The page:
• 7 Tips to Build and Rebuild Your Credit!

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    I recently got a new client. His credit is unfortunately damaged due to a current consumer proposal and she does not have a credit history in Canada as they moved 3 years ago from the US so she could go to school to become a nurse. She was not working so did not bother to get any type of credit as she did not think it was important. She paid for everything in cash so she could keep things affordable.

    Some people are in the enviable position of paying for every purchase with cash. This is great – except for when it comes to establishing credit. The strength of your credit history determines if you qualify for a car loan, mortgage or even credit card and also at what interest rate you will pay.

    Lenders will use credit reports and credit scores to quickly assess an applicant’s creditworthiness and to check their credit history.

    For new or young borrowers, however, this poses a serious catch-22: How do you qualify for credit without a credit history, and how do you build a credit history without first qualifying for credit? How do you rebuild your credit if has been damaged?

    I gave them the following 7 tips to both build (establish) and rebuild their credit profiles.

    Credit bureaus will open a legitimate credit file in your name when a creditor (bank, credit card company or other lender) reports that you’ve had an active credit account for at least six months. All borrowers, not just first-timers, are encouraged to check their credit reports at least once a year and scan them for errors. Mistakes can damage your credit score for years — up to 5 years for negative information like late loan payments and 7 years for a serious default like bankruptcy. If you find a mistake, contact the credit reporting agencies immediately and have the mistakes corrected.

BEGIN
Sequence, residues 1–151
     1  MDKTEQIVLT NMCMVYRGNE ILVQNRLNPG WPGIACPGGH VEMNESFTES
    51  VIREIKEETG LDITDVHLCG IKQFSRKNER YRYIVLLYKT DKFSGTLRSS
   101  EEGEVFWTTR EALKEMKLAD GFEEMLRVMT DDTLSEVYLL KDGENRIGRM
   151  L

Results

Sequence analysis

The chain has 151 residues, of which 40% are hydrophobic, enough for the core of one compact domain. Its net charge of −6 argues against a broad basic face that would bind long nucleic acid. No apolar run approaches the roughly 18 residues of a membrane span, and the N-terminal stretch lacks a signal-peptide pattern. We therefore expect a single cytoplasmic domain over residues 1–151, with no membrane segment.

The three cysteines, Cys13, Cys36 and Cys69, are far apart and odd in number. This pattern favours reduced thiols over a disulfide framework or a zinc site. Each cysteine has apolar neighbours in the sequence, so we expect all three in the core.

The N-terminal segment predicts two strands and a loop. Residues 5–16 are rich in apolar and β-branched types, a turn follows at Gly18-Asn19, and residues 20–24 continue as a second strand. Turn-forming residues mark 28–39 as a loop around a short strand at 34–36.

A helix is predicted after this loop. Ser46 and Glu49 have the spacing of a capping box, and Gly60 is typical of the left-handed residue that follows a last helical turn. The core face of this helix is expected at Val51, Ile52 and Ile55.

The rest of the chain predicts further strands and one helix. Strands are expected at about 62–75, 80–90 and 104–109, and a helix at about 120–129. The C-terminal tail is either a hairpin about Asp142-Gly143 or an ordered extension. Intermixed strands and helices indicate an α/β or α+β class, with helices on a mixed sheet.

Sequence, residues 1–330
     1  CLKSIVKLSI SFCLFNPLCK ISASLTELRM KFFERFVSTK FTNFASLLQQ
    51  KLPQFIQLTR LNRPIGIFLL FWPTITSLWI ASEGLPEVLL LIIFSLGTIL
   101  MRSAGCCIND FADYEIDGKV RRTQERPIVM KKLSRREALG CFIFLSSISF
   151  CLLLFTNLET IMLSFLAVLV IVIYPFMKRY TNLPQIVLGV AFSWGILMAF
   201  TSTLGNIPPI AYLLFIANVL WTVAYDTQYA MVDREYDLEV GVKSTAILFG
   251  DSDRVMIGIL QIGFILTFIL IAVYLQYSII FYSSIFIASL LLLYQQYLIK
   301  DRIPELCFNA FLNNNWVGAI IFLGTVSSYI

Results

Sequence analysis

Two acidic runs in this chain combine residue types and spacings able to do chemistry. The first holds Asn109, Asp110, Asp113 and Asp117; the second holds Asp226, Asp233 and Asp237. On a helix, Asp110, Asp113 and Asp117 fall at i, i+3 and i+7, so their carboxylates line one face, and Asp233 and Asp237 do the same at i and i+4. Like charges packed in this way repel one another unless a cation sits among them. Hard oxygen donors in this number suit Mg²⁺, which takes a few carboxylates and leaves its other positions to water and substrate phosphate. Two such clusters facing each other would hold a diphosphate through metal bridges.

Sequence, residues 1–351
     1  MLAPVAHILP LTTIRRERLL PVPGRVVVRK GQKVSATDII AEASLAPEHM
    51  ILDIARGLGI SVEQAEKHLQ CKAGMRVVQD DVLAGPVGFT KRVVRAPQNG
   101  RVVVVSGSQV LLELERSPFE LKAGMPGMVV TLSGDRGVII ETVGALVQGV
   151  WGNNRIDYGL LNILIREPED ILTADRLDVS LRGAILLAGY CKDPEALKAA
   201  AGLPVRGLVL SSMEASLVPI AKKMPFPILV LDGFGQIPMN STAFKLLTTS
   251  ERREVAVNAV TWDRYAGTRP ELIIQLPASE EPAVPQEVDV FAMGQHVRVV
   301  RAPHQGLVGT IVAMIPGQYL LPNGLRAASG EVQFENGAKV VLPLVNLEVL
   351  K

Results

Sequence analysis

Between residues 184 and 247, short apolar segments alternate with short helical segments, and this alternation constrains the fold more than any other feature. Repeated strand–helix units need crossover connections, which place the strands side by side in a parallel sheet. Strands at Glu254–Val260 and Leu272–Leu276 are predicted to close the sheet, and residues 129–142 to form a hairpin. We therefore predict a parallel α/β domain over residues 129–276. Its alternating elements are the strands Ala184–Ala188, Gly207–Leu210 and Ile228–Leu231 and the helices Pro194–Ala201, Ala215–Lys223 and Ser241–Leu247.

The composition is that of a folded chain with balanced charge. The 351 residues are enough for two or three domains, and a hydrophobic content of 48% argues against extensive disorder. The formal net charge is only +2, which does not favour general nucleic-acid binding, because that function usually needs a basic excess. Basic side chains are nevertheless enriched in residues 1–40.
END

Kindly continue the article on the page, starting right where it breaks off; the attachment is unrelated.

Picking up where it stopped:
Whether it is a credit card, utility bill or any other type of bill, get into the habit of paying your bills on time. While your utility bills are not recorded on your credit bureau, lack of payment that goes to collections, is recorded and that can affect your credit score and your ability to get a good interest rate on a credit card.

    Step 3 – GET A CO-SIGNER
    Most lenders will allow someone with an established credit history to co-sign the credit application with you. This can include your parents, older siblings or family friend. As with any financial transaction, you should be careful when co-signing for credit. First of all, make sure that your co-signer actually has a good credit history. If your older brother tends to exaggerate, don’t take his word for it. In the eyes of the lender, you are only as good as your brother’s credit score, so ensure that you see it in writing and you can only get that through their credit bureau report.

    The most important thing to understand is that co-signing for credit means that both parties are now responsible for its timely repayment. If your dad co-signs your credit card application and you run up hundreds of dollars in late payment fees, both of your credit scores are going to take a hit.